With his shaved head, chiseled features and clear brown eyes, alto saxophonist Miguel Zenon radiates a quiet, self-possessed intensity. Since moving to the East Coast from San Juan, Puerto Rico, in 1996-first to study in Boston at Berklee and then to New York for a masters at the Manhattan School of Music-he has established himself as an invaluable new voice on the scene, a player bristling with ideas and blessed with committed collaborators capable of exploring his difficult compositions. He stands out not just for the quality of his sound-lithe and quicksilver, vulnerable yet poised. It’s the capacious nature of his music, with each original piece revealing new dimensions of a seemingly infinite sonic universe governed by invisible but inexorably logical rules.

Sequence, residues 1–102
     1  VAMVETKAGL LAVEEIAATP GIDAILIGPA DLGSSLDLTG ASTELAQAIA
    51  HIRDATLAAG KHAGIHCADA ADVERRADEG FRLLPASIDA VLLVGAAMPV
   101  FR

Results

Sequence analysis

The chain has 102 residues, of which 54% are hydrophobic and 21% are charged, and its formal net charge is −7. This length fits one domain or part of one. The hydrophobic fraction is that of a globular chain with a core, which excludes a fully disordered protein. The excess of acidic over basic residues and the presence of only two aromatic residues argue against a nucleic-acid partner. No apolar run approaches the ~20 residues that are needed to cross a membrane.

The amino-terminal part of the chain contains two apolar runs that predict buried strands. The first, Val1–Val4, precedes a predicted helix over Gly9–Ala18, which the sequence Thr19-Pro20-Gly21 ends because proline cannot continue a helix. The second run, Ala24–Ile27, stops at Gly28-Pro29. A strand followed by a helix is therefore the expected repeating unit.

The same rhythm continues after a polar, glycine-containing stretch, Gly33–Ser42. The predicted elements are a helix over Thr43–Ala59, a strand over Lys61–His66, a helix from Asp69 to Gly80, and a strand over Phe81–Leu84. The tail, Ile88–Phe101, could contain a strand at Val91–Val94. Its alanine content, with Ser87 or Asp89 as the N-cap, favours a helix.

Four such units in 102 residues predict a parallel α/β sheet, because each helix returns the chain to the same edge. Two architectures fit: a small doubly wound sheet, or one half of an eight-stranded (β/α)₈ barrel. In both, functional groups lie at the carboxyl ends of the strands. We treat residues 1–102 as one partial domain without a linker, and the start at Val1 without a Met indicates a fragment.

In conversation, he gives the impression that his mind is always working. Not that he seems distracted. Friendly and soft-spoken, he holds eye contact and is completely engaged. But it’s hard to shake the feeling that he’s contemplating rarefied realms ruled by numeric sequences, even as he’s flashing a sheepish smile while describing his pre-Boston fantasy of life at Berklee (“People playing in the hallway,” he says, “all these guys making music in the street”).